In accepting her honorary doctorate, Ronstadt chuckled and remarked that because her career path wasn't through academia, she didn't have her own commencement to attend, and yet the few she has witnessed have been nothing like her experience at Berklee's.

"The first time that I visited Berklee, I felt that I had tumbled into Hogwarts," she said. "I think the reason for that is because the most important function that music performs for us is transcendence. And transcendence is the truest meaning of magic."

Upon receiving his honorary degree, Guerra, in English, thanked President Brown and Berklee faculty members and students and dedicated the moment to his wife, children, and his Dominican friends in attendance and cheering. Echoing other comments he made throughout the weekend about the connections between his faith and his music, Guerra said, "I would also like to give praise and love to Jesus, my Lord and savior, knowing that all my inspiration comes from Him." 

Massenburg began his acceptance remarks by referring to the graduates as his new colleagues. He welcomed them to the music business, but not without warning.

"The record business has been eaten, its young have been eaten, and there is a great place for you out there," he began. "We're looking for you to help us rebuild it. We're looking for you to try to understand that there is quality music to be made that can be valued, and that something can sound better than an MP3. We've been told that the MP3 carries our business, but it's not very good. And we can't prove it yet, but this will be your job. I remind you that the absence of evidence is not evidence of absence. There is a great deal of work that we all have to do together."

He finished with a reference to a statement spoken by a jazz great. "I'd like to reinterpret carpe diem, as stated by Thelonious Monk, who said, 'You gotta dig it to dig it, you dig?'"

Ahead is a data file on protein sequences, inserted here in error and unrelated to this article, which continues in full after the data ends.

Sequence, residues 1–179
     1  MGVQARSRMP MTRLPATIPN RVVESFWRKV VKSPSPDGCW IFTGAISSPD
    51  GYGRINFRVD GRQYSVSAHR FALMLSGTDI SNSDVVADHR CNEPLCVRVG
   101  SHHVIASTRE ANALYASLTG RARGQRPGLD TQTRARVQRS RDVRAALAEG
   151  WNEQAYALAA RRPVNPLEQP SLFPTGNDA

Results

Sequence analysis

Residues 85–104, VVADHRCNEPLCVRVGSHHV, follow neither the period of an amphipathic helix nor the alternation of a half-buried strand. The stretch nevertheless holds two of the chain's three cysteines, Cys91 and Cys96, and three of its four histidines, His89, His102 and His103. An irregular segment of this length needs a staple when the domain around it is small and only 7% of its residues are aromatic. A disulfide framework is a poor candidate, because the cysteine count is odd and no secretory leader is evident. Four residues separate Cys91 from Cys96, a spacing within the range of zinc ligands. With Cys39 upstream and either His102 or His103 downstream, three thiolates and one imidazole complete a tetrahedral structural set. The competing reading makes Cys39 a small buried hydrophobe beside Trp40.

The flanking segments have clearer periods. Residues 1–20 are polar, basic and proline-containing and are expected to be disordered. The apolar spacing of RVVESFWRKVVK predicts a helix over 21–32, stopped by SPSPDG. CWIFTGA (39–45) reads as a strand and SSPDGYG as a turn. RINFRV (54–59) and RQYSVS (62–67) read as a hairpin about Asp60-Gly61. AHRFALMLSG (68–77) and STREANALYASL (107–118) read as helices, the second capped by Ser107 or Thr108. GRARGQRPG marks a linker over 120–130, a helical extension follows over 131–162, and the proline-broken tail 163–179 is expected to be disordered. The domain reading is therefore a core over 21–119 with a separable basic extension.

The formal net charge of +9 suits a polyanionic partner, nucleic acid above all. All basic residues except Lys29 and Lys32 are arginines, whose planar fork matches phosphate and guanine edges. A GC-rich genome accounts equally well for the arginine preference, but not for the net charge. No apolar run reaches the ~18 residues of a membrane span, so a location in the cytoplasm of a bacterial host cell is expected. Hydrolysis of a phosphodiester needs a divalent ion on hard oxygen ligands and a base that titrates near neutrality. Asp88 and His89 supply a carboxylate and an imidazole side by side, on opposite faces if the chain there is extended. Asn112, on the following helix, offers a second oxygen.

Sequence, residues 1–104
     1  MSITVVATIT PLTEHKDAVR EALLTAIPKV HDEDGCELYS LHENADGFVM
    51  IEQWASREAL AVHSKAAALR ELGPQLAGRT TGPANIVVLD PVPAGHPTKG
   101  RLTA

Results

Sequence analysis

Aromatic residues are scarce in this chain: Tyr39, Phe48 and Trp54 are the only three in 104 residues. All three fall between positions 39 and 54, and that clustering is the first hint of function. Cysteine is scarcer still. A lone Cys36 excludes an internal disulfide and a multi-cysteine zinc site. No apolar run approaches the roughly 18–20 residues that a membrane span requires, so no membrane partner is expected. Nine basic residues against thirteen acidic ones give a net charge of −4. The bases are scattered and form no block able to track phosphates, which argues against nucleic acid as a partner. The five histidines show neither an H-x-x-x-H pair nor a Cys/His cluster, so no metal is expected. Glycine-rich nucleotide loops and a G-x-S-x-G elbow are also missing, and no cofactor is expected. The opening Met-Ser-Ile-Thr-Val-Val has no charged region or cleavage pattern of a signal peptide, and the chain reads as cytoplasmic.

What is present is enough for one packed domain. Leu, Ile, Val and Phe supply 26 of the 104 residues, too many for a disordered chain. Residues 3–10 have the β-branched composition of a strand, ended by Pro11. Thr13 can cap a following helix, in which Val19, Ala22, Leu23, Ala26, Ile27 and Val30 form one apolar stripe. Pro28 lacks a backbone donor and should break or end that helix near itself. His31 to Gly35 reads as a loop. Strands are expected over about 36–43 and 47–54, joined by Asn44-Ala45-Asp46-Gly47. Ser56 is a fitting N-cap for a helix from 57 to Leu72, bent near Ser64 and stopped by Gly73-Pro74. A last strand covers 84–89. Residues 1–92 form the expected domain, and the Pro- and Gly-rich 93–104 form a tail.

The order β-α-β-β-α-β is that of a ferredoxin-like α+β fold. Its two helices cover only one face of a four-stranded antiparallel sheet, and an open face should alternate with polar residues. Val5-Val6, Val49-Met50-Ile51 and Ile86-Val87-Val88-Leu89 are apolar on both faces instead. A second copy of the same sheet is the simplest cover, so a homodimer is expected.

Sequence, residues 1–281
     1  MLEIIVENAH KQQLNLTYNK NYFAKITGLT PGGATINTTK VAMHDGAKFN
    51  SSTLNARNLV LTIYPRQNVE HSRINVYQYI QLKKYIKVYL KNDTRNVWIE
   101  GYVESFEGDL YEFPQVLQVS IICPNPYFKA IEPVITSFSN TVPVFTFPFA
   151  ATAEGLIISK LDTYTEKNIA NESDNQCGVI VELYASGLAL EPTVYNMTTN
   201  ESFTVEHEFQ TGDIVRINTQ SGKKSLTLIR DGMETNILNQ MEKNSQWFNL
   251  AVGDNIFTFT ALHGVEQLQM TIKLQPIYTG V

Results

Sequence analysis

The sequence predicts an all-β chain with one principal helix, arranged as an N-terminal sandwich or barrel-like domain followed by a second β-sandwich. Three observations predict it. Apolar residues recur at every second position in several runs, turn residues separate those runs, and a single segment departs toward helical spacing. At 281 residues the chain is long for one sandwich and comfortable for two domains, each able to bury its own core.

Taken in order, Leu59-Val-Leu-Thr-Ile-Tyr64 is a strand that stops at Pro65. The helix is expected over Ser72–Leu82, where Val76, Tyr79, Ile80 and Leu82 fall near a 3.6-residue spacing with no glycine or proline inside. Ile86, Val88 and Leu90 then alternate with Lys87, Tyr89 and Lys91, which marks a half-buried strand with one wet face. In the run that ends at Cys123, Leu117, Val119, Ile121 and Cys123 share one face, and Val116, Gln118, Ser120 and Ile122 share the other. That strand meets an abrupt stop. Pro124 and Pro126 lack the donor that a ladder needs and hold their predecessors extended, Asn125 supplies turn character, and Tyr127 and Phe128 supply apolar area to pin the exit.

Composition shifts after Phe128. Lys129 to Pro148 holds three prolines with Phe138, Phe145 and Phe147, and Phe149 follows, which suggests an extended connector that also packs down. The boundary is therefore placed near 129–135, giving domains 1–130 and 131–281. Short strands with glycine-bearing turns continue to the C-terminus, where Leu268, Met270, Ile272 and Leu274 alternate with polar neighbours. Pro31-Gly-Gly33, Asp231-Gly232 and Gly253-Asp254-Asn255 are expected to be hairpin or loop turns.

This year's honorary doctorate recipients were recognized for their achievements in contemporary music, for their enduring contributions to popular culture, and for the influence their careers and music have had over Berklee's international student body. Robinson, Ronstadt, Guerra, and Massenburg join the ranks of such esteemed recipients as Duke Ellington, David Bowie, Count Basie, B.B. King, Sting, James Taylor, Aretha Franklin, Pat Metheny, Loretta Lynn, Dizzy Gillespie, Billy Joel, Bonnie Raitt, Quincy Jones, Aerosmith's Steven Tyler, and Patti Labelle.

Berklee's class of 2009 included more than 850 students graduating with bachelor of music degrees or professional diplomas. Female graduates numbered 242, representing 28 percent of the total class. International students from 37 different countries—the largest portions from Japan and South Korea—made up 13 percent of the class. Domestic students were from 44 U.S. states, with the largest populations hailing from Massachusetts, New York, and California. The top three majors were professional music, music business/management, and performance. Guitar, voice, and piano were the three most common means of musical expression among students of the graduating class.